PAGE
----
If you have to do square braiding with six strands, select four with which to do the braiding as above and form the knots around the other two, which are thus concealed in the center of the braid.
Square braiding is frequently done on a solid core. In this way it can be used as a slip knot on a lanyard (fig. 153). The braid is formed loosely around the shank of the lanyard so that it will slide easily on the round braid.
Square braiding can be given a spiral pattern in the following manner. The first square is formed as above. In making the subsequent squares, the strands are carried diagonally across instead of straight over (fig. 154).
The illustration shows the method of round braiding with four strands (fig. 155). The first step is to arrange the strips in the position illustrated. To do this, pass No. 2 over 3 and under 4. Then pass No. 1 under 3 and over 4. This gives you the diamond-shaped pattern shown, with the two left hand strands now at the right. From this position, the braiding is done as follows.
The outer left strand is brought around behind the others and through the space between the two strands at the right. It is then carried back to the left so that it lies beside the one strand remaining at the left. This is shown in the second step of the illustration.
The third step is to take the outer right strand and carry it in the same way behind its two neigh-bors and out between the two strands at the left. It is then brought back next to the outer right hand strand. Continue in this manner until the braid is the required length. To finish it off, do one or more rows of square braiding ending with the lock knot described under square braiding above.
Round braiding can also be done with six or eight strands (fig. 156). The first step is to interweave them as in four strand braiding until all the left hand strands are carried over to the right. The method of handling the strands thereafter is clearly shown in the illustration. Note that in six-strand braiding the working strip is brought up between the last two strips on the opposite side, while in eight-strand braiding it is brought up between the second and third strips of the opposite side.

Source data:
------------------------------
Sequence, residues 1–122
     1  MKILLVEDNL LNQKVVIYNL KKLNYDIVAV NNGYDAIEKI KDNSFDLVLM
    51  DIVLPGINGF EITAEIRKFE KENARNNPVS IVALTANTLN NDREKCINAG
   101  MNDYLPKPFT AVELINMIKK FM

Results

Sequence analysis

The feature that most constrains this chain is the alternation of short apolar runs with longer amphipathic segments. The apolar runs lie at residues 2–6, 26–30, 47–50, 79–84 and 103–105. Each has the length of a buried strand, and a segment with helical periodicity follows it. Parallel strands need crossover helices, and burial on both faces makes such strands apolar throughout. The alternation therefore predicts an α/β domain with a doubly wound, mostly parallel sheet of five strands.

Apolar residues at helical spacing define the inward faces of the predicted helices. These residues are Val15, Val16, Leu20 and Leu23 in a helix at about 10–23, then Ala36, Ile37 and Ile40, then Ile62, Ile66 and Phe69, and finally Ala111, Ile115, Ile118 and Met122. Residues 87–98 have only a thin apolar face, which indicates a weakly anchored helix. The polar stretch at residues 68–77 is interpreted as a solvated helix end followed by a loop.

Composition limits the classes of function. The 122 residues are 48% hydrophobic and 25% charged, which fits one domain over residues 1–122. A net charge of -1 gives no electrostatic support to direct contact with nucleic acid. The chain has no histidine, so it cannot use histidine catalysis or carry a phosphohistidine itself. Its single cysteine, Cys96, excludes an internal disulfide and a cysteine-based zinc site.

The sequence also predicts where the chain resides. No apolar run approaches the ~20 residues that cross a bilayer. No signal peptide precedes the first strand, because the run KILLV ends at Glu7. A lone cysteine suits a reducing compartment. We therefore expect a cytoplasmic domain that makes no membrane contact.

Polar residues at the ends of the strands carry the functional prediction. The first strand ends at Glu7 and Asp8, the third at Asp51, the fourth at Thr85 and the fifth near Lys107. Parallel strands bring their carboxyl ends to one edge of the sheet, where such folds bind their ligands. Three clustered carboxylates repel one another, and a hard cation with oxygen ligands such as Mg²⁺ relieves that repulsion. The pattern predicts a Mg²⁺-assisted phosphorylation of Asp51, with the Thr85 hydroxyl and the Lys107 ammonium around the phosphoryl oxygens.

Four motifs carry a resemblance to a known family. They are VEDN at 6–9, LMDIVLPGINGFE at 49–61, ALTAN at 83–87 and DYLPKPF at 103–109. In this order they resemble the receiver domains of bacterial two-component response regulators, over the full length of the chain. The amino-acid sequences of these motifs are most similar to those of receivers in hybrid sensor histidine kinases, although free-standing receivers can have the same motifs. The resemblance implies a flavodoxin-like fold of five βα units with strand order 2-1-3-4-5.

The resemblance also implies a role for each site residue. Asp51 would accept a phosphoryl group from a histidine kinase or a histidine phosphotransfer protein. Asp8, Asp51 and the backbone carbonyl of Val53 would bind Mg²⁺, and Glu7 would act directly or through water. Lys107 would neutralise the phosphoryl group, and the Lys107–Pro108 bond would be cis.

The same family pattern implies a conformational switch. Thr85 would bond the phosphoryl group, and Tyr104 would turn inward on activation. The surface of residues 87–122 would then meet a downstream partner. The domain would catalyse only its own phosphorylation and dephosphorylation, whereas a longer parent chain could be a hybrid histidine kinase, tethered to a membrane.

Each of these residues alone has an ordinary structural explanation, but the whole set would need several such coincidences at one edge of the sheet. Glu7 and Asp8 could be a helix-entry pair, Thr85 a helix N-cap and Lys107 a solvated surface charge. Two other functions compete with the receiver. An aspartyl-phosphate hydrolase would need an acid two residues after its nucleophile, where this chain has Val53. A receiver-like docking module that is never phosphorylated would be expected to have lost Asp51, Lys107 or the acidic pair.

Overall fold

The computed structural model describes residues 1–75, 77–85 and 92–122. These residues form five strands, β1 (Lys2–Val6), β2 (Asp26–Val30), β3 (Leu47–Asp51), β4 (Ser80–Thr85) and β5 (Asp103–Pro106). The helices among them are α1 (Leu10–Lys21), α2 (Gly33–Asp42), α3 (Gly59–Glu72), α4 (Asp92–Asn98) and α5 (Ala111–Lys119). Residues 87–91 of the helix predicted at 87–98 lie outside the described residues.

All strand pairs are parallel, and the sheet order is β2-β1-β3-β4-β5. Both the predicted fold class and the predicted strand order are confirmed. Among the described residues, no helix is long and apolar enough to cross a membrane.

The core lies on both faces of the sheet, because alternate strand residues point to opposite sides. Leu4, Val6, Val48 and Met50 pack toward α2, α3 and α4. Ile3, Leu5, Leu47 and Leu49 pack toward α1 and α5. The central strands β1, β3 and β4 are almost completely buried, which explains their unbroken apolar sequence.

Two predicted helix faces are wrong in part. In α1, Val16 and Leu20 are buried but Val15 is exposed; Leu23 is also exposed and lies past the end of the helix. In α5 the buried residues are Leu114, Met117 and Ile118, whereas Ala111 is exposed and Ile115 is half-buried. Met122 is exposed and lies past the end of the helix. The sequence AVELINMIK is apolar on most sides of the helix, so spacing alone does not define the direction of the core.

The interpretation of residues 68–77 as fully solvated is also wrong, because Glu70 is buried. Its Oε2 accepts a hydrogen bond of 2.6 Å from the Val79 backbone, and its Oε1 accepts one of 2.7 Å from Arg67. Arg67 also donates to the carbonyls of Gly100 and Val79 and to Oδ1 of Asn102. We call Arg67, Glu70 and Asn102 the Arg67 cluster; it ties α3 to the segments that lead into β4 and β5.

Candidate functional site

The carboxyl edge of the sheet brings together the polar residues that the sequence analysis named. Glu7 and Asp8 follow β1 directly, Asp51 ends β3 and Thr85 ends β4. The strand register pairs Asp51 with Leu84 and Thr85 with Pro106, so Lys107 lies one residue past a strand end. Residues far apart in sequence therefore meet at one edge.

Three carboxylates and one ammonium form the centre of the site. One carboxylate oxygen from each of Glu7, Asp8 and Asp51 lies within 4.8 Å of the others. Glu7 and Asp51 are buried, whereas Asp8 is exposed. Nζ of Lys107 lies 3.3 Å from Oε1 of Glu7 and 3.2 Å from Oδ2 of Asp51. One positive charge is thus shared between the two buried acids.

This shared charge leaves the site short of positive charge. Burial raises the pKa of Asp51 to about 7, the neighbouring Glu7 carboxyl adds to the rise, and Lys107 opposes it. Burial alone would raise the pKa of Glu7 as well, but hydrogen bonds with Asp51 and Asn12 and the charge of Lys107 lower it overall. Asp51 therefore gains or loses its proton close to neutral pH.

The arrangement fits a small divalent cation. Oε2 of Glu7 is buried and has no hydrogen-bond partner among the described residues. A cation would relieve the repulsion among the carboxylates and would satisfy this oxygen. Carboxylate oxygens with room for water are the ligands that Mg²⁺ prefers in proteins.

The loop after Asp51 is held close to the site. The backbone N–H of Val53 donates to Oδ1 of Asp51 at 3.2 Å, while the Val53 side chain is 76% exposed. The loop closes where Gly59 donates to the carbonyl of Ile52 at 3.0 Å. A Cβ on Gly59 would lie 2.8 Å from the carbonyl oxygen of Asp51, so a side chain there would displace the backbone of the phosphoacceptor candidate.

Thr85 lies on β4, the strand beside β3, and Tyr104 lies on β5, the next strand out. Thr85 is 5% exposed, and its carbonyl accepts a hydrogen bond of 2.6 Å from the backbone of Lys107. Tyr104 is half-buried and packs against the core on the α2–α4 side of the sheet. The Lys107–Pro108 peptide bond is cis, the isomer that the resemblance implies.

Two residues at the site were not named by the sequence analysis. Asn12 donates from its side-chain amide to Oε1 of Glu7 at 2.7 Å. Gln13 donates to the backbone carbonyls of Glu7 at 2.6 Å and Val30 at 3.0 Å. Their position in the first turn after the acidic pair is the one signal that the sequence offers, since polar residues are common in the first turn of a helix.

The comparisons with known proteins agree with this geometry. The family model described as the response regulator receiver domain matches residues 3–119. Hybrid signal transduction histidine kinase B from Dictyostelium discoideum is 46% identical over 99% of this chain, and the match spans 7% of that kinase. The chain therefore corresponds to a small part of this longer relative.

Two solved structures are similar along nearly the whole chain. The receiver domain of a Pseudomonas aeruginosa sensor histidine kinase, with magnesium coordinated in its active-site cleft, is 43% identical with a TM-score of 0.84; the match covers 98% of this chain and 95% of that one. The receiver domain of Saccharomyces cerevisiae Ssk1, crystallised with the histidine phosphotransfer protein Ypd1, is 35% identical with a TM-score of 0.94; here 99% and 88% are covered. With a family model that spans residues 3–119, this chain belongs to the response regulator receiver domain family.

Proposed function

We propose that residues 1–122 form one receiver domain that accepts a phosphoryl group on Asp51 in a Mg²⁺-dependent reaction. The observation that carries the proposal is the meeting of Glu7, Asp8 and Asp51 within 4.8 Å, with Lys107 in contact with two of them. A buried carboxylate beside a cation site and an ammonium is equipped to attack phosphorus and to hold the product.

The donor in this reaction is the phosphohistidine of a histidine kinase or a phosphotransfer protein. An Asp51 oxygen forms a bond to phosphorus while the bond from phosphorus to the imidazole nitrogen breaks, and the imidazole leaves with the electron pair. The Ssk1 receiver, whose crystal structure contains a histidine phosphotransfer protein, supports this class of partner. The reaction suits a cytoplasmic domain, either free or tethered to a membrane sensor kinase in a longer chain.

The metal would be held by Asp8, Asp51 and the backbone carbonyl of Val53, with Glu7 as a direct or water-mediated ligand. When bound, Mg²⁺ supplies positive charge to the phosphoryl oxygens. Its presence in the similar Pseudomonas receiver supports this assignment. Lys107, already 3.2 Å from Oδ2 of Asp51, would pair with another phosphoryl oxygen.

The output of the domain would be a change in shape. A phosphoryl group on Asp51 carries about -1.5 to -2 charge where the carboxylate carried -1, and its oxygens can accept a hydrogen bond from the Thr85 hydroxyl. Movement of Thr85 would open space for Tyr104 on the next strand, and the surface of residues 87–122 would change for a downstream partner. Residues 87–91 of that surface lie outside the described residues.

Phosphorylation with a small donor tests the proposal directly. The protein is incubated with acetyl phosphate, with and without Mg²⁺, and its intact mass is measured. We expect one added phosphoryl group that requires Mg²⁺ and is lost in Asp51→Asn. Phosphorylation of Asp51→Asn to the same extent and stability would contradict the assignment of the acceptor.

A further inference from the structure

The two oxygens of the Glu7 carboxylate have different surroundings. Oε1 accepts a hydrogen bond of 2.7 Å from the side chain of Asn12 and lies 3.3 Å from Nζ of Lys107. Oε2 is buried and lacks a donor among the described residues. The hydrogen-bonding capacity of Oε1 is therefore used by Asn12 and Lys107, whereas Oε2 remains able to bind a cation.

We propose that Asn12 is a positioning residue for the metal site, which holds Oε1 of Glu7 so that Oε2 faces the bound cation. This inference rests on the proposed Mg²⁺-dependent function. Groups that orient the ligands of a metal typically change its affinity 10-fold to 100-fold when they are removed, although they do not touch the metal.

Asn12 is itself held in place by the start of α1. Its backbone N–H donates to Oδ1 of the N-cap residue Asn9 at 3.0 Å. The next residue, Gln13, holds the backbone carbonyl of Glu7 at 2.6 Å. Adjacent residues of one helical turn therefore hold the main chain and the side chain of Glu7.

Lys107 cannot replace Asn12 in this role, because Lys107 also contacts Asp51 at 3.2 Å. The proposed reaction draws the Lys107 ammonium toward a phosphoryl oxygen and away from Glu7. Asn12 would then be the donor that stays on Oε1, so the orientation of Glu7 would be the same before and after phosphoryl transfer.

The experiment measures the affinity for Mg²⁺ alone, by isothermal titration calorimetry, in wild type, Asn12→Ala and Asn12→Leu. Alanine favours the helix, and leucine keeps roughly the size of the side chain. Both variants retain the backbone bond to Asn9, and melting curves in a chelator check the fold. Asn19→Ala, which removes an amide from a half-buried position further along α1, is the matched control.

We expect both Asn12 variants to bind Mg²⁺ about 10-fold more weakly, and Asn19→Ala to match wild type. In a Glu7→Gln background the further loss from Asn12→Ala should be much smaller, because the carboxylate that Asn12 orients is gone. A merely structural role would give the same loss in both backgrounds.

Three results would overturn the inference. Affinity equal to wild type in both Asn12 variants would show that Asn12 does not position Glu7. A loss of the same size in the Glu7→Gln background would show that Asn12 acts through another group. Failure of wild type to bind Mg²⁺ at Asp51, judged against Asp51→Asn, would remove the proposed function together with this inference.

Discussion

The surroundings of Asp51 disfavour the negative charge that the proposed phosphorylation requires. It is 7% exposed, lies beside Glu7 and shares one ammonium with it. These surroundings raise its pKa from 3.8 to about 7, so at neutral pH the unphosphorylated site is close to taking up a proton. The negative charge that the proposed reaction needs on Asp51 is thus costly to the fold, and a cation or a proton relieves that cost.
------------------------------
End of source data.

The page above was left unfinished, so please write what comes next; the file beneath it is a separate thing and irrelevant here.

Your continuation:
Braiding of this sort can also be done over a flat or round core and is frequently used for bracelets. The core may be metal as in flat braided bracelets, or it may be a double thickness of the gimp itself. For an eight-strand bracelet, use four strands of gimp, double the length required. They should be passed through the ring of the bracelet and interwoven in exactly the same way as in the eight-strand method described above (fig. 157). The braiding is also done in the same manner. Each working strand is passed through the bracelet and brought up between the proper strands on the opposite side.
b. When the core has been covered and the pattern is completed, the bracelet is finished by weaving the eight strands through the open stitches at the beginning of the work. Start with the lower right strand and work it alternately under and over the four beginning stitches at the right (fig. 158). The illustration shows the remaining strands pulled aside. Do the same with the lower left and continue until all eight are woven through the start of the work and protrude at the edges. Then carry them to the inside of the bracelet, tuck them through the stitches there and clip off their ends.